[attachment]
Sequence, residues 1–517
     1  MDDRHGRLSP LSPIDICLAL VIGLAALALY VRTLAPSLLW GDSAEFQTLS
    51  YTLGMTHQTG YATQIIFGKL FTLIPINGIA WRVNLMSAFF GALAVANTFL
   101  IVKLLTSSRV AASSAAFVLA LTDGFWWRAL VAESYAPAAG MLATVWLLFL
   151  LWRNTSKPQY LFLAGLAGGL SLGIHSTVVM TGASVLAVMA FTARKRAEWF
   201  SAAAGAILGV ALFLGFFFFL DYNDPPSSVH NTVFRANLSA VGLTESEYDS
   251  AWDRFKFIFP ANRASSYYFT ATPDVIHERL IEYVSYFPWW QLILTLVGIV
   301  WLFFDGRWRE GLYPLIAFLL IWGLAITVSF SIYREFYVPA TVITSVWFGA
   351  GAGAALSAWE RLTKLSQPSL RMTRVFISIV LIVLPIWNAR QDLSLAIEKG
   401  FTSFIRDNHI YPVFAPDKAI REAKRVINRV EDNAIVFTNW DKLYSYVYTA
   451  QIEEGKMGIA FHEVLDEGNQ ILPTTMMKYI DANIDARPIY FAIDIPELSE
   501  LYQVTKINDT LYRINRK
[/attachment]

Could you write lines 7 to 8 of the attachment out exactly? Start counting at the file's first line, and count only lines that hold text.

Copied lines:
   251  AWDRFKFIFP ANRASSYYFT ATPDVIHERL IEYVSYFPWW QLILTLVGIV
   301  WLFFDGRWRE GLYPLIAFLL IWGLAITVSF SIYREFYVPA TVITSVWFGA